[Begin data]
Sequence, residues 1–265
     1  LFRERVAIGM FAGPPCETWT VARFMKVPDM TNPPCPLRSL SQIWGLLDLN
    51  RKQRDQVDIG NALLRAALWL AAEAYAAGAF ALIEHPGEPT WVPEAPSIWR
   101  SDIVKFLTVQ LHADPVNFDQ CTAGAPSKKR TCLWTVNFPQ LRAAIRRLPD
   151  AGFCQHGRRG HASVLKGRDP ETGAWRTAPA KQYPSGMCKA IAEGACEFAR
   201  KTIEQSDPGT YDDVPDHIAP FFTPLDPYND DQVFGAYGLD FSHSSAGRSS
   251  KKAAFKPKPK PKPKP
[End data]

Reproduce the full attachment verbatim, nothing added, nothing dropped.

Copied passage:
Sequence, residues 1–265
     1  LFRERVAIGM FAGPPCETWT VARFMKVPDM TNPPCPLRSL SQIWGLLDLN
    51  RKQRDQVDIG NALLRAALWL AAEAYAAGAF ALIEHPGEPT WVPEAPSIWR
   101  SDIVKFLTVQ LHADPVNFDQ CTAGAPSKKR TCLWTVNFPQ LRAAIRRLPD
   151  AGFCQHGRRG HASVLKGRDP ETGAWRTAPA KQYPSGMCKA IAEGACEFAR
   201  KTIEQSDPGT YDDVPDHIAP FFTPLDPYND DQVFGAYGLD FSHSSAGRSS
   251  KKAAFKPKPK PKPKP